be self-sufficient after the end of that
period," she said.
The consortiums coordinate with
the Transportation Department,
rocket-launch companies such as SSI
and private industry wanting to
perform research in space. Consor
tiums deal with topics as diverse as
materials science, biology and space
propulsion, Villamil said.
The Consort I's 650-pound pay
load holds experiments that will
measure how liquids mix in weight
lessness, how plastic foam forms and
cures, how liquids coat glass surfaces,
how epoxy reacts in weightlessness
and how finely powdered metals
bond under high temperature to
produce alloys without melting.
The experiments have applications
in the manufacture of medicines,
metal alloys and ball bearings, as well
as in the construction of future space
The vehicle's booster is a modified
Navy Terrier rocket. The second stage
is a Black Brant sounding rocket
often used for research. The entire
vehicle stands 52.3 feet tall and weighs
6,000 pounds at liftoff.
It will achieve a top speed of 5,016
mph and, in a little less than five
minutes, will rise 198 miles above the
The entire venture should cost
about $2 million, including the cost
of using White Sands and its person
nel, Pennino said.
Bosh cautioned in mew trade gap report
From Associated Press reports
WASHINGTON The improv
ing U.S. trade deficit, the biggest
factor promoting domestic growth
last year, is on the verge of stallirfg
out unless the Bush administration
moves quickly to devalue the dollar
and reach a budget agreement with
Congress, analysts at a research
institute warned Monday.
Officials at the Institute for Inter
national Economics said that unless
the United States is able to get its
trade problems under control, the
country faces the threat of a recession,
triggered by the flight of foreigners
from U.S. investments.
There is also a danger that the
rising trade deficit would force
Congress and the administration to
erect protectionist trade barriers that
would threaten a global trade war,
according to the study "American
Trade Adjustment: the Global
The report said that without
needed policy changes, America's
trade deficit will begin rising again
in 1990 and by 1992 will surpass the
record imbalance of $154 billion set
Spill pushes oil prices up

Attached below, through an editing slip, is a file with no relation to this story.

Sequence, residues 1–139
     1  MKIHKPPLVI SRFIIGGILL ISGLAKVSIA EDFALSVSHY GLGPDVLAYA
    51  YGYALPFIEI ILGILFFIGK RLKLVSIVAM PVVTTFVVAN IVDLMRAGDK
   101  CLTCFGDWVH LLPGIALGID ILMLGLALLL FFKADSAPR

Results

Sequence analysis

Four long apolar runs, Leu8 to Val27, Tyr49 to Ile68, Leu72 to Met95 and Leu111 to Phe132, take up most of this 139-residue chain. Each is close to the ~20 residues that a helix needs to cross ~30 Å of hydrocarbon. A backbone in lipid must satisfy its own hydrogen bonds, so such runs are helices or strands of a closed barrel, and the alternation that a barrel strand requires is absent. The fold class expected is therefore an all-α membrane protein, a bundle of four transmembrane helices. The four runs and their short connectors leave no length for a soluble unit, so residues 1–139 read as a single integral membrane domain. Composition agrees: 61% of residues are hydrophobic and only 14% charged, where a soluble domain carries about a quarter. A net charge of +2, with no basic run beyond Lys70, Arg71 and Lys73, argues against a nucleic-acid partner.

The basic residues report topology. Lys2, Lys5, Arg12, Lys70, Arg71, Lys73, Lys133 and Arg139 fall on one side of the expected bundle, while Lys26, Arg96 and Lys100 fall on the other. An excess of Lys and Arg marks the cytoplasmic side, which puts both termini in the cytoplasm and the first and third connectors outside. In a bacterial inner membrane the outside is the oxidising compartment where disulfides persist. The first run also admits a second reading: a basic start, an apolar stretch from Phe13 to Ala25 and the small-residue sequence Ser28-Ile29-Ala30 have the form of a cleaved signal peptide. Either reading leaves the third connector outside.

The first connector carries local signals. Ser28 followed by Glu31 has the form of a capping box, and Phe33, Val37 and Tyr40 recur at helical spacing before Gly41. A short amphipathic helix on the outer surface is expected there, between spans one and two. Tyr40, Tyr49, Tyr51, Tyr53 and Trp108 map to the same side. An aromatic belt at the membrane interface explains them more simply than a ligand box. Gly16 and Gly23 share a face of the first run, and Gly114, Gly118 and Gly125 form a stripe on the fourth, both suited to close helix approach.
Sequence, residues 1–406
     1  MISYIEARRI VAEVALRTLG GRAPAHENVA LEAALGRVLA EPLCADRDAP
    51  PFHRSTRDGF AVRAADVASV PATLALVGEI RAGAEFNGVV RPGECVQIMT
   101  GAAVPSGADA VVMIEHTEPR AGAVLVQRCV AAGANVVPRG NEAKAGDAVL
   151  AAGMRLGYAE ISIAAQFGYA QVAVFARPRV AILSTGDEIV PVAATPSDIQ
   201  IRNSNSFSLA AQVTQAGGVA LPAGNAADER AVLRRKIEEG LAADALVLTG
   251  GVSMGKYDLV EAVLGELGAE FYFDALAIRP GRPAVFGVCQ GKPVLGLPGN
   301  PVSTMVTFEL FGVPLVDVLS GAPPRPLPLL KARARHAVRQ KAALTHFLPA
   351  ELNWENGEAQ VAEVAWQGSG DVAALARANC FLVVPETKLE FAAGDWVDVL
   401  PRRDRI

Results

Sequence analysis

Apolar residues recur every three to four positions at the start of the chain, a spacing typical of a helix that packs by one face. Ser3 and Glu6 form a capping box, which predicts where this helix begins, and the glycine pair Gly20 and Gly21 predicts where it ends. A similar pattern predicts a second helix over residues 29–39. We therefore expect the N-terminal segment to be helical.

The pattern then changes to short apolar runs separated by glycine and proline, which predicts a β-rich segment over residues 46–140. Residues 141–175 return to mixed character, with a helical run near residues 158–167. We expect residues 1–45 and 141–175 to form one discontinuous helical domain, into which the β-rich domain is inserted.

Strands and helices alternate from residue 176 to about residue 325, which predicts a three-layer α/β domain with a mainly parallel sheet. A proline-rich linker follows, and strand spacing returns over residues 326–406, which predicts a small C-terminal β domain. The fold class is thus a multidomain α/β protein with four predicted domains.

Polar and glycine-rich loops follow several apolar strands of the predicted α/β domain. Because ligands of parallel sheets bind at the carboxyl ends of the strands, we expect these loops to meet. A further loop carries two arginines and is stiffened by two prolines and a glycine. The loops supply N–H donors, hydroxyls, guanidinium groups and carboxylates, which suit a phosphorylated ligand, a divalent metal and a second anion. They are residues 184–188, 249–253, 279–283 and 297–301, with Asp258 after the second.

NEW YORK The nation's
biggest oil spill off Alaska helped
push the price of crude oil to its
highest point in 19 months as energy
futures prices rose sharply in a bullish
"A market that was already poised
to trade up a little was set on fire,"
said Madison . Galbraith, senior
energy specialist with Merrill Lynch
The price of the May contract for
West Texas Intermediate oil, the
benchmark U.S. crude, rose 38 cents
a barrel to close at $20.53 in New
York Mercantile Exchange trading.
Prices for subsequent months also
It was the highest, near-month
closing price for the key grade since
Aug. 14, 1987.
afternoons & weekends,
Come by during business hours.
Eastgate Shopping Ctr,
(beside a Southern Season)
967-8568 Chapel Hill
10-6 Sat 1-5 Sun
Sunrise Dr., Chapel llill
on Franklin Street above Sadlack's
THE JflCTURN OF THE ;
INDIAN FHIKT BEDSPREAD
LIKE V1HE, SOME THINGS SET
Bema with Aee.
University Square Chapel Hill 967-8935
UNC Chapel Hill
H989 Summer School
PREREGISTRATION: April 3-7 (Summer & Fall)
Tuition & Fees NC Resident Non-Resident
Undergraduate 1-5 hours $157
Undergraduate 6-8 hours 220
Graduate 3-5 hours 220
PERSPECTIVE COURSES-SHORT COURSES
FOCUS PROGRAM-SUMMER STUDY ABROAD
First Day of Classes
Last Day of Classes
May 23 '
. DIRECTORY OF CLASSES
available in Basement Hanes Hall
Are now available for your
IF YOU ARE INTERESTED IN RECEIVING
Scholarships, Fellowships, Grants
YOUR ELIGIBILITY IS GUARANTEED!
regardless of financial status or academic performance.
9 - -"
FOR MORE INFORMATION CALL:
A NATIONAL SERVICE COMMITTED
TO HIGHER EDUCATION
These funds DO NOT require reimbursement
ACADEMIC FINANCIAL ADVISORY PROGRAM
"WHERE GERALDO ENDS
GREG BEGINS. ....
TUESDAY, MARCH 28 - 7:30 PM
STUDENT UNION - RM 226
WEDNESDAY, MARCH 29 - 7:30 PM
"A Sucessful Love Life"
STUDENT UNION - RM 224
Maranatha Campus Ministries
THE TRIANGLE'S M'l8t
LARGEST SELECTION OF
MOUNTAIN & ROAD BIKES
DIAMOND BACK, CENTURION, GT, SCHWINN,
MONGOOSE S CANNONDALE
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IN THE TRIANGLE!
CLOSEOUT SPECIALS WAS SALE!
Diamond Back Topanga $349 $299
Diamond Back Ascent (88') $450 $350
Diamond Back Ascent Ex (88") $550 $450
Giant AT740 $450 $375
Giant AT750 (Deore!) $575 $425
J a mis Diablo $499 $399
Jamis Explorer $359 $299
Jamis Cross Country $419 $309
GT Outpost (88'J $349 $279
Centurion Elite RS Shimano 600) $625 $450
Centurion Ironman Master (Shimano 600) $749 $599
Centurion Ironman (Shimano 105) $599 $450
Schwinn Tempo (Shimano 1 05) $599 $450
Cannondale SR500 (Shimano 105) $699 $499
U-LOCKS SPRING TUNE UP SPECIAL "1
reg. $29.95, i reg. 29.50 19.50 with coupon i
ZJfl flpEI ' includes eear & brake adjustment, lube drive train, wheel truing, I
W lrr . .wheel, crank, and headset bearing adjustment
expires 4389 J
THE CLEAN MACHINE
104 N. Ma
IM$ay, Mairclhi 31
TBte IPmiGfsiuiiift Off
Hawaiian tropic Bihjni Contest
ChicfyftVA Refreshment Stand
Bus Shuttle begins at 12:30
Bus Stops at Planetarium, Big Frat Court, Union, Morrison.
UNC ID required.
A recycling event sponsored by Keep N.C. Clean & Beautiful and Carolina
Glass Recyclers; coordinated by UNC Recycling Program.